South Hill Traffic Management: Assessing the Bigger Picture

In the larger picture, the RCJ report and portions of the draft Comprehensive Plan highlight the need for a more comprehensive assessment of traffic issues on the South Hill.  The Southgate Neighborhood and South Hill Coalition have requested a that holistic Traffic Management Study and Plan be developed for the entire South Hill.  This plan could assess and provide a context for any and all arterial designations and additions on the South Hill suggested in the new Comp Plan and CIP list:

  • The Ray Street Crossover,
  • the completion of 44th between Regal Street and Crestline Street,
  • and addition of a proposed minor collector between Southeast Boulevard and Crestline Street.

It would help determine how these individual projects and designations align or do not align with the goals of the Southgate and South Hill Coalition Neighborhood Plans. It would help these or any other projects support the existing and proposed Comprehensive Plan’s call for a “Balanced Transportation Approach” that seeks to first accommodate the pedestrian and maintain or enhance the character of neighborhoods and livability for neighborhood residents.

There will be additional hearings on the Comp Plan update at City Council in the next couple of months, so the public will have a chance to comment on this proposal again. We will also keep you updated if the City provides models for the intersections improvements called for in our neighborhood plan. Our Comp Plan and Municipal Code call for balanced, multi-modal translation development in our City, this proposal is geared primarily towards auto-users and a less dramatic, fiscally reduced solution should be considered before putting this into the Comp Plan for the next 20 years.

SEPA Comment Period for Moran Estates South

Southgate received a notice yesterday about a SEPA comment period for a proposed 13-home subdivision along Freya Street called Moran South Estates. You’ll remember this project held a Community Meeting back in August.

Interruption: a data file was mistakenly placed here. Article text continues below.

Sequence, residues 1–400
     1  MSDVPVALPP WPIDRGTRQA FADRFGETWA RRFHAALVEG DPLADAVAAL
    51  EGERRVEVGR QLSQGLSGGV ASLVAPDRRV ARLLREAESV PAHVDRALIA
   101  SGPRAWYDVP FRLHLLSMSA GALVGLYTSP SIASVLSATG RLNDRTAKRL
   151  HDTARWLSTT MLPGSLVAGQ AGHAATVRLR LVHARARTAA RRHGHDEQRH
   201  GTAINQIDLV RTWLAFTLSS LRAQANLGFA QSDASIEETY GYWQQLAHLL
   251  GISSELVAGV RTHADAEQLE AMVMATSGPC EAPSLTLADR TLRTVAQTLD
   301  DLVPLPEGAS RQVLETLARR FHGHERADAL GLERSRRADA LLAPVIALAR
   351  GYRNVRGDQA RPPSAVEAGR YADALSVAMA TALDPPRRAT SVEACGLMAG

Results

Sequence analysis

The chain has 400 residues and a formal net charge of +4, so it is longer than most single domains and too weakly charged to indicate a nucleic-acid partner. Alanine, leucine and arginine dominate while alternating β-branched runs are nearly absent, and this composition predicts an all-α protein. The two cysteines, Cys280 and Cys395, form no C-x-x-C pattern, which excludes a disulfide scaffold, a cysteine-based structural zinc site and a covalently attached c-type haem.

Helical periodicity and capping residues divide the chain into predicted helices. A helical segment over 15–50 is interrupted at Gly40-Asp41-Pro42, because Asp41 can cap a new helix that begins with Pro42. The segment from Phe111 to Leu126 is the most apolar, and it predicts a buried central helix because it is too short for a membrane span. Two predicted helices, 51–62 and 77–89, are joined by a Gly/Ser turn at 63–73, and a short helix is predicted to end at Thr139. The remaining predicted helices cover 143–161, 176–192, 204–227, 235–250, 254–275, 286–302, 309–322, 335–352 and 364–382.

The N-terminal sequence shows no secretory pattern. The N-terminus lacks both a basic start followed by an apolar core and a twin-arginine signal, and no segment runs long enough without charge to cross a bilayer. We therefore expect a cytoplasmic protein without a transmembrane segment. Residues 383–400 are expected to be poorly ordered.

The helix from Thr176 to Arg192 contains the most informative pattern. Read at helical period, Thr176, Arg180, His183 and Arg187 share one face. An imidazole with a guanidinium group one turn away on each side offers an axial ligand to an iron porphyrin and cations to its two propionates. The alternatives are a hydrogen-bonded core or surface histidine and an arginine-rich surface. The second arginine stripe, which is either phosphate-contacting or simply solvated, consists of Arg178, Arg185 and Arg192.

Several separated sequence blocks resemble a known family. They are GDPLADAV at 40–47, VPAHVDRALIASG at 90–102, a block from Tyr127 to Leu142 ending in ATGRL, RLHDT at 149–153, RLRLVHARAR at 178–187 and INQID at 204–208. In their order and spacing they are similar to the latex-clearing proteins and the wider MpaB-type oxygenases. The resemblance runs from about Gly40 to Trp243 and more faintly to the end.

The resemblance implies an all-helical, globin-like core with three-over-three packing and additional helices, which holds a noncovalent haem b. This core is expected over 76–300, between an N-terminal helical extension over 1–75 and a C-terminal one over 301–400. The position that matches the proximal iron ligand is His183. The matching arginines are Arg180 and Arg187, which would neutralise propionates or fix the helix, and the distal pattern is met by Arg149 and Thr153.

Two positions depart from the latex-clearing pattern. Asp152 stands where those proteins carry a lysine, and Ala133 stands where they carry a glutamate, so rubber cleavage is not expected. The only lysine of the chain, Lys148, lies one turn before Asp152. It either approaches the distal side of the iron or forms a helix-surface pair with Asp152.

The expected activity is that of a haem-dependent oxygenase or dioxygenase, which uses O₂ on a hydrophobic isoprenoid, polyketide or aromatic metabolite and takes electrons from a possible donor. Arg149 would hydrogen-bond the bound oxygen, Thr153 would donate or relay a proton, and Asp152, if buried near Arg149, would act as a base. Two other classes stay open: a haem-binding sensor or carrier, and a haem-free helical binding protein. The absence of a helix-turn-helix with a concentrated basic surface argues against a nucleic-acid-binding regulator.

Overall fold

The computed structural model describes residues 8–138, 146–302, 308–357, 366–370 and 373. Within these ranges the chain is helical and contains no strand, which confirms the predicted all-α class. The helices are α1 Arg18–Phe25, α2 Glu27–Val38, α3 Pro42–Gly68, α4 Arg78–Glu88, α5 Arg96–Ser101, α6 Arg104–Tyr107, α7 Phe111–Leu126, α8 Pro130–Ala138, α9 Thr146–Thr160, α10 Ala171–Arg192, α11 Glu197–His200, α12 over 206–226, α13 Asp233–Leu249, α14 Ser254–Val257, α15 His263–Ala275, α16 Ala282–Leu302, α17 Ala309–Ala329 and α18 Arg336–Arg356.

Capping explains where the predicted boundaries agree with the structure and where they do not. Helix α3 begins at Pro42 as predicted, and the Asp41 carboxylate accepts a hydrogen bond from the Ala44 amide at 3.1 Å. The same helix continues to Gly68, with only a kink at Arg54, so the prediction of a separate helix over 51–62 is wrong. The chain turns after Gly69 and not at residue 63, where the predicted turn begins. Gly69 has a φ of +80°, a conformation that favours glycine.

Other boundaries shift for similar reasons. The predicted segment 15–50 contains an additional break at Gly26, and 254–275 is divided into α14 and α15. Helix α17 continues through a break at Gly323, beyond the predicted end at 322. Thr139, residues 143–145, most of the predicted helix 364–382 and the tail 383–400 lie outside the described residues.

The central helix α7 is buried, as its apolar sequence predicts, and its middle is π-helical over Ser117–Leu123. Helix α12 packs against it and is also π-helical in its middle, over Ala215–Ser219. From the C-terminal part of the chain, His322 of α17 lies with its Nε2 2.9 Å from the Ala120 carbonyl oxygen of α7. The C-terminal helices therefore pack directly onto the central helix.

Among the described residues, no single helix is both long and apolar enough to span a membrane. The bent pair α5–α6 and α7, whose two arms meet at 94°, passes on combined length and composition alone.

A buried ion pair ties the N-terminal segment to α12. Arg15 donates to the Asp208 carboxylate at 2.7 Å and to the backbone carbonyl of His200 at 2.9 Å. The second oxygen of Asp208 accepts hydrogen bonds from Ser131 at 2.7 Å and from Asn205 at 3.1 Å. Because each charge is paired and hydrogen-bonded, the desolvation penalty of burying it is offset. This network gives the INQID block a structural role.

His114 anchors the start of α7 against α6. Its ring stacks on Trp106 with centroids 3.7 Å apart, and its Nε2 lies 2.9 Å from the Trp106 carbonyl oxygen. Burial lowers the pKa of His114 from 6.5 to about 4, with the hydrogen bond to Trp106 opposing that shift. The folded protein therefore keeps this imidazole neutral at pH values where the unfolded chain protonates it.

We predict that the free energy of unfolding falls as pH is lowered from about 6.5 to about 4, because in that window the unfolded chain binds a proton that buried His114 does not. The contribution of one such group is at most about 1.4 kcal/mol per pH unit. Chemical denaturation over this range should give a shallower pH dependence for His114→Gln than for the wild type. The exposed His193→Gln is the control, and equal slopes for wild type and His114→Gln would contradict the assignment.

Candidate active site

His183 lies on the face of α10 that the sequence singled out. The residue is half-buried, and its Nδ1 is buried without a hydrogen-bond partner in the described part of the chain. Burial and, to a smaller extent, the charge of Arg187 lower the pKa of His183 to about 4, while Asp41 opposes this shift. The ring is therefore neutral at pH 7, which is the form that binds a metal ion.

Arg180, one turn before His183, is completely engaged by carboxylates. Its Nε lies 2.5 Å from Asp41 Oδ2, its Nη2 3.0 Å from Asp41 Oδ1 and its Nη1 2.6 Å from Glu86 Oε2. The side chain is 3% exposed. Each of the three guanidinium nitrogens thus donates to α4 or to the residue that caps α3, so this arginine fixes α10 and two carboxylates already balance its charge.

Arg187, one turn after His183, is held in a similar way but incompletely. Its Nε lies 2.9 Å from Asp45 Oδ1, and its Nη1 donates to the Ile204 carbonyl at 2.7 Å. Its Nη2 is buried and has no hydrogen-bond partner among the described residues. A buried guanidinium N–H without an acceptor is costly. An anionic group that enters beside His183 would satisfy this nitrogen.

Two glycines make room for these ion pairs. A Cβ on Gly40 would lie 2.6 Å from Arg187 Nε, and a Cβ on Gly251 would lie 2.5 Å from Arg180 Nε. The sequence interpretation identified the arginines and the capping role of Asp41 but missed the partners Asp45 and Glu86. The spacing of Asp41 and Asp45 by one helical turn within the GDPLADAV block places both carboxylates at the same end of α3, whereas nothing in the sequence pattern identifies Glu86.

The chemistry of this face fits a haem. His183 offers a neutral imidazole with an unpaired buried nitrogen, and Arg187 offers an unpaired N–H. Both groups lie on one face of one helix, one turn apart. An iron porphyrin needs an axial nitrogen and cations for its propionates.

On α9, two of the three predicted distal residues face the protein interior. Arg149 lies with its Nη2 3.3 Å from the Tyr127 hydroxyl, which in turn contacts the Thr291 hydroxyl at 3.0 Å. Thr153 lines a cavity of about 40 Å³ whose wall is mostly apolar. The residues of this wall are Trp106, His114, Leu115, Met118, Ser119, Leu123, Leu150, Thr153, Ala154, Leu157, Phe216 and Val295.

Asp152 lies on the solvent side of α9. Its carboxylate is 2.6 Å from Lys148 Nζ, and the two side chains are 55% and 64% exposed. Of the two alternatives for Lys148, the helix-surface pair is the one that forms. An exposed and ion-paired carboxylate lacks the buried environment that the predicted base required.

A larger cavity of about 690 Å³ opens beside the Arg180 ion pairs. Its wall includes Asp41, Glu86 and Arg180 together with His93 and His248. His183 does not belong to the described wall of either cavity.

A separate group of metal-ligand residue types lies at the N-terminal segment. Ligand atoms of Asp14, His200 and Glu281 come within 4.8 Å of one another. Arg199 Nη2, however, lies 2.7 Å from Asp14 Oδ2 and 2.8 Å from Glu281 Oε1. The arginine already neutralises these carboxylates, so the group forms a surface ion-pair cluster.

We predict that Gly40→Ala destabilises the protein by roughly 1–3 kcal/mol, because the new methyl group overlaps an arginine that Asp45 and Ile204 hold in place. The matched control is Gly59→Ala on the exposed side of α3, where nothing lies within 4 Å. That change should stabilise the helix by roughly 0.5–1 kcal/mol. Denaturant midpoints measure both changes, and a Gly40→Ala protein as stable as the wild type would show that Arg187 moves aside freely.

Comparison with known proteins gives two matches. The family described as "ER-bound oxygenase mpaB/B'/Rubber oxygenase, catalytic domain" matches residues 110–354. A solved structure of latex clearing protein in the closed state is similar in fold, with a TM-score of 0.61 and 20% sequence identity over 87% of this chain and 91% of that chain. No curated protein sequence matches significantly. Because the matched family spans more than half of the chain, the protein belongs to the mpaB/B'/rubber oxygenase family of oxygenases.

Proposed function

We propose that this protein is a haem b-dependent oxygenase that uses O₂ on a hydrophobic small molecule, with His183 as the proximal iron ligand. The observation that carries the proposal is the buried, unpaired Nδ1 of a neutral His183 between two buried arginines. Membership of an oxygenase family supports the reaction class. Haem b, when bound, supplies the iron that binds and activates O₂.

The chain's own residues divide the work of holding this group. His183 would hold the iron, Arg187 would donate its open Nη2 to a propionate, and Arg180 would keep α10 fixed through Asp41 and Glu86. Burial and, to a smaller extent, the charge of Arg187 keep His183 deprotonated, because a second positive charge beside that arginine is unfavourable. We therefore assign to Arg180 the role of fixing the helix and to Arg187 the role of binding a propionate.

You can take a look at the preliminary-site-plan and SEPA Checklist for the project and send comments to the City’s SEPA coordinator, Dave Compton, through November 22nd.

Moran

The project is very similar to the developments on 45th Court and 47th Avenue directly to the north and south of this area. A couple comments related to pedestrian accommodation that I would supply would be to ask if the right-of-way improvements along Freya Street will be completed per Spokane Municipal Code. As you can see, the sidewalk ends as the cul de sac goes out to Freya. Anyone living on the east side of Southgate knows how unaccommodating Freya is to pedestrians and bikes. If we don’t ask developers to fill in the sidewalk between 44th and Palouse Hwy it will never be built.

mse_pedestrian_connections-002
Possible pedestrian connections for safer/easier resident access to Southgate’s District Center

Another pedestrian accommodation (supported by the SMC, the City Comp Plan, and our Southgate Neighborhood Connectivity Plan) would be to add some non-motorized connection to the west. A mixed-use Centennial/Ben Burr style trail punching out at the end of the cul de sac or out of the southwest corner of the development across a County-owned stormwater swale would allow residents easier and safer access to the shopping area of our neighborhood’s District Center via Palouse Hwy. It would take some discussion between the developers and the owners of Clare House or the County, but it would be a great amenity and help prevent the continuation of the pervasive lack of east/west connectivity in our neighborhood. Without this type of connection residents would have to walk a 1/3 mile south or 1/4 north to find a route towards the District Center.

The SNC Land Use Committee will draft and submit comments as well, we will upload those here when we have them drafted. In the meantime, please send in your comments so the City knows what you think.

No Discussion of Impacts at Traffic Scoping Meeting

Residents of the upper South Hill attended a Traffic Scoping Meeting  last night held by the traffic engineer for the developer of the Regal Commons development along Regal Street. Attendees looking for answers as to the potential impact of the development and solutions to the current traffic issues on Regal were disappointed to learn the there was no real discussion of potential impacts discussed at the meeting. The developer’s engineer, Mr. Whipple, said that this meeting was to gather input from neighbors about areas that needed to be addressed by their traffic study and that results of their study would be presented to the neighborhood in a couple of months.